Beggars can be choosers as indie group posts solid results
Who said indies can’t make money? Martin Mills’ Beggars Group has reported solid financial results for the year 2016 as his independent music group benefited from hit releases including Adele’s ‘25’ and Radiohead’s ‘A Moon Shaped Pool’.
The London-based indie powerhouse, which operates in Australia through a partnership with Remote Control Records, posted revenue of £70.6 million ($114 million) for the full year, with a net profit of £11.9 million ($19.3 million), MBW reports. Those results compared with revenue of £72.9 million ($113 million) in 2015, with a net profit of £12.9 million ($21 million), while gross profit grew to £19.6 million ($31.8 million), from £17.4 million ($28 million) in the previous year.
Of course, Beggars is a rare beast among indies in terms of scale. The group has affiliates dotted around the glove (including 4AD, Rough Trade and Matador) and a bevvy of influential – and big selling – artists on its books.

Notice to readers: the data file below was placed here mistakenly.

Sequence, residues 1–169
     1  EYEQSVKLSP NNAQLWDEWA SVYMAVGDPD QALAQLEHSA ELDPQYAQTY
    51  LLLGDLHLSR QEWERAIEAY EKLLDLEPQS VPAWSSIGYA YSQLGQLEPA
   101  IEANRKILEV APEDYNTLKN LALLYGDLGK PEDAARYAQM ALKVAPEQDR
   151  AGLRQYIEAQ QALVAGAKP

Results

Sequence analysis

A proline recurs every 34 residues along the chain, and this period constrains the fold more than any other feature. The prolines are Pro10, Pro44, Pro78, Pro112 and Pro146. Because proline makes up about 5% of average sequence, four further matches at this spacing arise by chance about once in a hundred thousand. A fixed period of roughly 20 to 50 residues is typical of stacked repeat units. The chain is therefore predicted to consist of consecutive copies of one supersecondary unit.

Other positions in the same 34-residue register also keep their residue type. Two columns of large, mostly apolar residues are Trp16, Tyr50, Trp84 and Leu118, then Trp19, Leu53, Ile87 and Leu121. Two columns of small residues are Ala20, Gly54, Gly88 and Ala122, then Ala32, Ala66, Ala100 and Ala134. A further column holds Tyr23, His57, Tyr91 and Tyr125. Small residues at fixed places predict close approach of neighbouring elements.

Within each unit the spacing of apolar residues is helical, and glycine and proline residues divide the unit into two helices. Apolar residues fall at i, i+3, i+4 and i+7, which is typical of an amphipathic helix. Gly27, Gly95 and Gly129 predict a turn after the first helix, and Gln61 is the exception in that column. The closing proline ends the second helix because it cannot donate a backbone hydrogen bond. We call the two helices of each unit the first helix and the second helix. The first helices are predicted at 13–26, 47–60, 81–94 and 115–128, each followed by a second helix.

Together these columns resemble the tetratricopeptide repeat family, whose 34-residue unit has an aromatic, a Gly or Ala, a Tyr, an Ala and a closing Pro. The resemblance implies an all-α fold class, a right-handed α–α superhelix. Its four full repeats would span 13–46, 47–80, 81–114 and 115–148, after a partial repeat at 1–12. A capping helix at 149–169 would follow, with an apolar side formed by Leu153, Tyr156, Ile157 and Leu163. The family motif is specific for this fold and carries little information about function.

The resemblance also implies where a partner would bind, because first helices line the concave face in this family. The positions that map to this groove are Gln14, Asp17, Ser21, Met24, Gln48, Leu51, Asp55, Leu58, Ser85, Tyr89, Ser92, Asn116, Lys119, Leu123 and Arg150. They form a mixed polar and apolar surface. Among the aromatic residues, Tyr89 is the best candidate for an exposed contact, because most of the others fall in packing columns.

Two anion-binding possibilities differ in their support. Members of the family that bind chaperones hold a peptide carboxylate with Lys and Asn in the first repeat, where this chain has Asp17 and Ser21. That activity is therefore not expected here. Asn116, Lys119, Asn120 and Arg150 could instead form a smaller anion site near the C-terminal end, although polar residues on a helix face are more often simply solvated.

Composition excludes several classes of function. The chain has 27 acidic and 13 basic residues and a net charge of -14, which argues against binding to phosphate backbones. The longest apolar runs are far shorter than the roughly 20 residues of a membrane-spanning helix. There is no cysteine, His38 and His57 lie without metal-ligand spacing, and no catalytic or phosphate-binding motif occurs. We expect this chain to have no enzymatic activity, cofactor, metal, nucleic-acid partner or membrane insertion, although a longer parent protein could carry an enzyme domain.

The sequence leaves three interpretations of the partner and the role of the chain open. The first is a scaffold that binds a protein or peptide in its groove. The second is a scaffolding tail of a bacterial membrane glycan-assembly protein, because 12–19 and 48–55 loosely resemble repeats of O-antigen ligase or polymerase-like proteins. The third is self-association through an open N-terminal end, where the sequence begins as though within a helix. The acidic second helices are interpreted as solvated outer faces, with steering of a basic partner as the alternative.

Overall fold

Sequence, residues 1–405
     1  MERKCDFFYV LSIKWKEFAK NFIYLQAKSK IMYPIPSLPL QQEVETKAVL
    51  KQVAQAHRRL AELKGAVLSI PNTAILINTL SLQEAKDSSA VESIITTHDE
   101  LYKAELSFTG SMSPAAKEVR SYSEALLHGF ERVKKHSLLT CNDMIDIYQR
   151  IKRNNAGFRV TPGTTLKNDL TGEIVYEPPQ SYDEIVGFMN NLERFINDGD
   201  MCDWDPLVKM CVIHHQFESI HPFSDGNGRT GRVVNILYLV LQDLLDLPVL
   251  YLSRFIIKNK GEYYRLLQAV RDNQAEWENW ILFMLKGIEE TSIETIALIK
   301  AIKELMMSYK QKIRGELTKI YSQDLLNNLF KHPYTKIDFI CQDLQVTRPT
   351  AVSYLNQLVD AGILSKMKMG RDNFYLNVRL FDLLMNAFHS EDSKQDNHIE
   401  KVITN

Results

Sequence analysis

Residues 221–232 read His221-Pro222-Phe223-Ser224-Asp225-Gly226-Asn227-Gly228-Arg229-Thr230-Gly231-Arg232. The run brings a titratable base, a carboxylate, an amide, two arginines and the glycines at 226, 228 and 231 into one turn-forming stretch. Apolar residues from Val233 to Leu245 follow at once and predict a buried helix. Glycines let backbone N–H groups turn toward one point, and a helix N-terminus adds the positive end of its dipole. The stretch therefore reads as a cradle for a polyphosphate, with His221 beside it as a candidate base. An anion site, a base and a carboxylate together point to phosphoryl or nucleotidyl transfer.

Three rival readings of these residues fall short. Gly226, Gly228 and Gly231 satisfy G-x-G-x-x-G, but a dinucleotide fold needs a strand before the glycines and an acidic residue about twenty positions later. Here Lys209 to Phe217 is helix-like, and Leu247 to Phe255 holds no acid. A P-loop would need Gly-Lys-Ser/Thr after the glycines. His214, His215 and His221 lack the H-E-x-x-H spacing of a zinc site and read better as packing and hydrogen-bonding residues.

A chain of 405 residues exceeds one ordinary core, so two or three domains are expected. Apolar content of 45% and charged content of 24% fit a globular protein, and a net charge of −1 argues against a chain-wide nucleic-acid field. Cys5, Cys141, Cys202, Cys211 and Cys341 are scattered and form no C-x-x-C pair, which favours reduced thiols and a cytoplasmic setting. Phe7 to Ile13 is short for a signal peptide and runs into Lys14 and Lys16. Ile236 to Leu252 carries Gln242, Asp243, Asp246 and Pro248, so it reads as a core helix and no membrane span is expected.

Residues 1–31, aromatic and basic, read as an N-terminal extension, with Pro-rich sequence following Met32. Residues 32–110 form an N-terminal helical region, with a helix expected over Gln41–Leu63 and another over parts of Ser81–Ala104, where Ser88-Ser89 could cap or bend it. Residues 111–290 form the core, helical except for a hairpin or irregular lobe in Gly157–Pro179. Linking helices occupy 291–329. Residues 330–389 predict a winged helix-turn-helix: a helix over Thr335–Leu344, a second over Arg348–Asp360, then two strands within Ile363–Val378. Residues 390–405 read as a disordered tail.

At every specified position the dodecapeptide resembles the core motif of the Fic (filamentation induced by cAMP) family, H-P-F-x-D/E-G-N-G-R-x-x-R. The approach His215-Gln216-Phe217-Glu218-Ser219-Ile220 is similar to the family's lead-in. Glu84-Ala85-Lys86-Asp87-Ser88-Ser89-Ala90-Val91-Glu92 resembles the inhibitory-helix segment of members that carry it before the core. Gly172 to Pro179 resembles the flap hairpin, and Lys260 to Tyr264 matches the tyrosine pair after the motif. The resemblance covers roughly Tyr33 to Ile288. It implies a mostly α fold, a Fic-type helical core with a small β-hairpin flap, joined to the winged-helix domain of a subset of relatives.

Also during the period, Beggars released 39 albums last year, down from 48 in the previous year-long period, and its workforce numbered 112 people, up from 104 in 2015.
Also last year, Beggars Group pulled off a coup when Radiohead moved its entire catalogue to Richard Russell’s XL Recordings, which Beggars co-owns.
Beggars Group “experienced a further shift to streaming,” the company noted in its 2016 accounts. “But the drop on in physical formats has slowed thanks to the resurgent demand for vinyl. We remain committed to promoting group artists through whichever channels music fans choose to listen.”
Mills, who founded Beggars Banquet Records in London in 1977, is widely considered a godfather of the independent music community and one of its most important advocates.. In an interview 10 years ago with this reporter, Mills shared these insights on his business instincts: “The kind of way EMI or Universal run their businesses are an alien world to the way we do it. We don’t live in a world of cash flow forecasts, we live in a world where we are well-organized business but it’s mainly run by gut instinct and feeling, which I think is the best way to deal with music. If you over-structure it, over target it, over analyze it, you’re destroying what you’re meant to be working with.”
This article originally appeared on The Industry Observer, which is now part of The Music Network.